The 10 ultimate must-read autobiographies

While most of us mainly read fiction, autobiographies can give us amazing insight into life stories that we could never have imagined, uncovering either inspiring, surprising or just plain hilarious anecdotes. Here are 10 of the ultimate must-read autobiographies, guaranteed to make you think, cry or burst into laughter…

Moab is my Washpot – Stephen Fry

This is the first in Stephen Fry’s autobiographical trilogy and, in my opinion, the best. Fry details his turbulent years in boarding school, from which he was eventually expelled for theft. Considering his success now, it’s amazing how much trouble Stephen Fry got into and inspiring to think that such a prolific career is possible following his difficult beginning.

Hons and Rebels – Jessica Mitford

Jessica Mitford was the communist daughter of a famous aristocratic family in the 1930s. One of six sisters, including Nazi sympathisers, Unity and Diana Mitford: this is the story of how she ran away from home, married a fellow communist and escaped to America. Her upbringing is shocking and full of hilarious anecdotes. This book was so inspirational that I wished I disagreed with my family’s political views so that I too could run away from home.

I Know Why the Caged Bird Sings – Maya Angelou

Celebrated poet, Maya Angelou died earlier this year, and her childhood growing up in 1930s Arkansas is immortalised in this, the first in her series of autobiographies. While this book is harrowing at times, it also shows her courage in rising above adversity. Through this and her later books Angelou demonstrated her extraordinary ability to experience more of life than most people.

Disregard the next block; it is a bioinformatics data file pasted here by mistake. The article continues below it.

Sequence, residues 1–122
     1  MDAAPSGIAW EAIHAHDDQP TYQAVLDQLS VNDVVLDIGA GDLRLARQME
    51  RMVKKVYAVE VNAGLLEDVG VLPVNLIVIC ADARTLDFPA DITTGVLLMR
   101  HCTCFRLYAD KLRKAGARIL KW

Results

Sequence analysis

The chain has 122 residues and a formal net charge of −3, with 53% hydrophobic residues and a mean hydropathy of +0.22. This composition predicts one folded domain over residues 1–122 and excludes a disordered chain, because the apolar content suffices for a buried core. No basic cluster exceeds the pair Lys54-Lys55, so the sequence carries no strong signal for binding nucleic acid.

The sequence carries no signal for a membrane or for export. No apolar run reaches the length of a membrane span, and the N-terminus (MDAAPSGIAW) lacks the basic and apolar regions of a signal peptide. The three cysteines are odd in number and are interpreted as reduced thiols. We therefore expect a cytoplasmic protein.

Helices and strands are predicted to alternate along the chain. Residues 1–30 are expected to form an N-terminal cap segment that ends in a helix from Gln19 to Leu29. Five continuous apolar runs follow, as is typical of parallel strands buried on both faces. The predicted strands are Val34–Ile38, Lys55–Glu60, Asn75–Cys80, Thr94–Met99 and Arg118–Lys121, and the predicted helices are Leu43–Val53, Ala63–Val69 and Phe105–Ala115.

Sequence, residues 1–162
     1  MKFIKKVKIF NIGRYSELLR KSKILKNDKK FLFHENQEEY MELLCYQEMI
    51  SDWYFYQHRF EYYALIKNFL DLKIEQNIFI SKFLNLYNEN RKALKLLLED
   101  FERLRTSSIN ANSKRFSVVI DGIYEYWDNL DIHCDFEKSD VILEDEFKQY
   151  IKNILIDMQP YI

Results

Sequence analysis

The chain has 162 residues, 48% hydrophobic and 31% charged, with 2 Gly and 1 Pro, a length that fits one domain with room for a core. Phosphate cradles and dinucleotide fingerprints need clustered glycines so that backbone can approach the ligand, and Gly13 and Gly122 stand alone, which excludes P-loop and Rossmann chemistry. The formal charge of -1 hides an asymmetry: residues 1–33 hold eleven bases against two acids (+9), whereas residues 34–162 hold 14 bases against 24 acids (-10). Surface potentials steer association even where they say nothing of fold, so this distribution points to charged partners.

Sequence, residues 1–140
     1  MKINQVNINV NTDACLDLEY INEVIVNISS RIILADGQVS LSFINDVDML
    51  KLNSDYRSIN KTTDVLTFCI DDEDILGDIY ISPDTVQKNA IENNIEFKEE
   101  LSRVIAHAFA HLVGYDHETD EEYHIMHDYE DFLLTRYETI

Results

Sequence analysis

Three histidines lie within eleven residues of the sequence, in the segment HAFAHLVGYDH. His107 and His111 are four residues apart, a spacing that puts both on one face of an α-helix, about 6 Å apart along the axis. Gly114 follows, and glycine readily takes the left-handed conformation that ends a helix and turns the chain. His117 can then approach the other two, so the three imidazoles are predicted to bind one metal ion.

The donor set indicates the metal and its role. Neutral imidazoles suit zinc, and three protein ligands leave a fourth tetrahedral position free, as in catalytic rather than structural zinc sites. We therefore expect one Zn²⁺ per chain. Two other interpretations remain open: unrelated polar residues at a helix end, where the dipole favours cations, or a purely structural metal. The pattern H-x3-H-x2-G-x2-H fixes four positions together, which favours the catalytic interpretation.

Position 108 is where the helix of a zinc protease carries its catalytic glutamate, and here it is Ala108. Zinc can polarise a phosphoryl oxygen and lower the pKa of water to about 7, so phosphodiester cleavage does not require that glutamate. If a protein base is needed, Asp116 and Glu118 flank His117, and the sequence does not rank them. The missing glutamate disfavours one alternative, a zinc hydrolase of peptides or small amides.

How To Be A Woman – Caitlin Moran

This book is part autobiography, part hilarious feminist mantra. Caitlin Moran describes her bizarre upbringing as one of eight children who never attended school. Despite having no qualifications, Moran managed to become a bestselling author and newspaper columnist. This book is inspiring to anyone who has ever been a woman, known a woman, or wanted to use words to make people laugh.

My Family and Other Animals – Gerald Durrell

This is simply one of the funniest books I have ever read. Gerald Durrell grew up on the island of Corfu, exploring his fascination with the wildlife that surrounded him, while his family created chaos and disaster wherever they went. This book demonstrates that science doesn’t have to be dry, and that real life can be both hilarious and poignant.

Angela’s Ashes – Frank McCourt

Angela’s Ashes is not for faint-hearted readers. Frank McCourt grew up in a strict Catholic family in poverty-stricken, 1930s Ireland. Following countless near-death experiences and the loss of three of his siblings, it’s remarkable that McCourt survived to adulthood, let alone wrote one of the most famous memoirs of all-time.

Bossypants – Tina Fey

I don’t read many celebrity autobiographies, but Tina Fey is better than most celebrities. This book explores incidents from her childhood, her rise to fame as the head writer for SNL and behind-the-scenes information from her sitcom 30 Rock. Like all of Fey’s work, this book is hilarious and self-deprecating, showing how hard work can lead to an extremely successful career.

Black Boy – Richard Wright

Richard Wright grew up in Mississippi in the 1910s, and was ostracised both by the racially prejudiced whites and his own family, who did not understand his ambitions of becoming a writer. A poor black boy from the South pursuing a career as a novelist was completely unheard of, which makes Wright’s escape to the North and eventual success all the more inspiring.

Look Back in Hunger – Jo Brand

Jo Brand describes her upbringing in Hastings, her time as a psychiatric nurse and the start of her career as a stand-up comedian. While this autobiography is extremely funny, her nursing career and the hostility she faced when she began stand-up comedy are surprisingly poignant. Rather like Tina Fey, Jo Brand’s story is inspiring as she managed to achieve huge success in a male-dominated industry.

Blankets – Craig Thompson

This autobiography is in the form of an extremely hefty graphic novel. It’s the story of Craig Thompsons’ coming-of-age in an evangelical Christian family, and depicts the first time he fell in love. Thompson’s story is inspirational both because of his escape from oppression and the way that he tells it through beautiful and ambitious illustrations.


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